Keeping employees healthy top workforce issue in 2009
Challenges for Health Care in Uncertain Times, Hewitts Associates 10th Annual Health Care Report concludes that “keeping employees healthy” has become the primary workforce issue in 2009 with employers shifting focus from managing costs to managing health risk – a cost driver. Recognizing the relationship of employee behavior and health risks to costs, employers now rank “promoting employee accountability” the number one prevention component of health care strategies in 2009.
How does this affect the way employers approach their health benefits and Workers’ Compensation programs? One major shift is that more employers are targeting specific health conditions for their employee population than in previous years. Companies targeting asthma, cardiovascular disease, depression, and diabetes increased at least 20% compared to last year. In addition, more organizations are targeting more than one condition. In 2008, only 52% of organizations reported targeting specific conditions, whereas in 2009 the figure increased to 80%.
While employers are recognizing that obesity, diabetes, high blood pressure and other common health conditions are having an enormous impact on the cost of health care, they may be less aware of the impact these conditions can have on the duration and cost of recovery of workplace injuries.
Preliminary research findings of an upcoming report by the National Council on Compensation Insurance (NCCI) on obesity shows that Workers’ Comp claims unresolved for one year cost three times as much when the injured employee is obese and claims that are unresolved for five years are five times more costly when involving an obese claimant. The cost differential is even greater for smaller claims, in some cases as high as 30 times.
In the past, Workers’ Compensation has focused on treating specific injured body parts and not put much emphasis on co-morbidity factors, such as obesity, that can increase claim duration and costs. In addition, the stigma associated with obesity, concerns about privacy and lawsuits and the sensitivity of the issue has meant that obesity is addressed in health plans and wellness programs; however, not in Workers' Comp claims, even though it may affect Workers’ Comp claims.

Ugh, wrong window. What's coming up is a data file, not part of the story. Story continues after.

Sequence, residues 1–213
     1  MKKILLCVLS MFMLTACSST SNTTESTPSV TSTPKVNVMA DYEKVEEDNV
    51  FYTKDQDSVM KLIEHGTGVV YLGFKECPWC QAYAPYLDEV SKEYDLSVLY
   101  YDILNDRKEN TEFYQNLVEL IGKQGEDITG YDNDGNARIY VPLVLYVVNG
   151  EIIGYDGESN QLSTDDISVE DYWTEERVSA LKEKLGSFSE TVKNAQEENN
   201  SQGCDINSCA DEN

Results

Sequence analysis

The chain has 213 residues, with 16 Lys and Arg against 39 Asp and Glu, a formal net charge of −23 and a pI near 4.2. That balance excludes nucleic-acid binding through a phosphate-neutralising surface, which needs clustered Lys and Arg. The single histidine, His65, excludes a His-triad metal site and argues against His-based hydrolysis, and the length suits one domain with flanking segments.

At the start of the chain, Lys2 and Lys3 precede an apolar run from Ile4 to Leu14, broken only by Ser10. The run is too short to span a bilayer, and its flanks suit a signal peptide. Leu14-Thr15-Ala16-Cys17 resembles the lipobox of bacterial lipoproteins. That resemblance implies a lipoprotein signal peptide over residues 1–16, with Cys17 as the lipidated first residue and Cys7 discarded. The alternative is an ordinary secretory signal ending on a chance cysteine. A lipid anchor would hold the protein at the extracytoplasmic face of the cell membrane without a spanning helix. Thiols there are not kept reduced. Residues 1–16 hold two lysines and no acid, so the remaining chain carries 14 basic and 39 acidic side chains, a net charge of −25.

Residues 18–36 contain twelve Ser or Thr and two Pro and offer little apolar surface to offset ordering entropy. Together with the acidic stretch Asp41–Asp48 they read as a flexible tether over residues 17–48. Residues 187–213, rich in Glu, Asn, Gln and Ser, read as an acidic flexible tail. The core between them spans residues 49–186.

This is changing, however, according to a recent article by Robert Cencineros in Financial Week, “Obesity Supersizing Workers’ Comp Costs.” Martin Wolf, an economist with NCCI Holdings Inc. in Hoboken, N.J. is quoted, “One thing we have been seeing a little bit is that when a claim is filed, insurers are gathering additional information on body mass index and weight and height to see if people who show up as obese need additional medical treatment to more effectively address their injury.”
Some employers even are collecting obesity data to help fend off future claims that may not be work-related, particularly those involving police and firefighters who must take pre-employment physicals and whose heart attacks and other ailments often are presumed to be work-related, according to Glenn Backus, senior vice president for Alternative Service Concepts L.L.C., a Reno, Nev.- based claims administrator.
Preliminary findings of the NCCI report also note that the percentage effect of obesity on claim costs is lower in states where mandatory utilization review and mandatory bill review stipulations are in place.
Increasingly Workers’ Comp case managers are incorporating an injured employee’s health condition into case planning and looking for resources to help the employee address the problem, particularly when it relates to return to work outcomes. This points out the need for a more holistic approach to health and Workers’ Comp. Too often, the programs are managed in different departments, independent of one another, with risk and safety managers overseeing Workers’ Comp and HR administering group health and wellness programs. Yet, it stands to reason if you can eliminate bad health habits in the workforce, you will save on Workers’ Comp costs.
“Quit smoking, lose weight, get the right medical tests at the right time—these will help lower Workers’ Comp costs,” says Robert Hartwig, president of the New York City-based Insurance Information Institute (I.I.I). “When there’s an injury on the job, healthier workers tend to recover more quickly, which then benefits the employer through less loss of productivity and so on.”
A comprehensive, integrated look at the health of the workforce means that risk and safety managers should be an integral part of the development of programs to make the workforce healthier. Wisconsin-based printing company, Quad/Graphics found that individuals with low back pain were much more likely to be overweight and smokers, so they turned to their wellness program to address the issue.
Employers have done an exceptional job of making the workplace safe; now is the time to focus on the health of the worker. An unhealthy worker is going to cost more in terms of absenteeism, lost productivity and recovery time. Employers who create a wellness culture are better positioned not only to treat injuries effectively, but also incentivize the employee to deal with the root of the problem.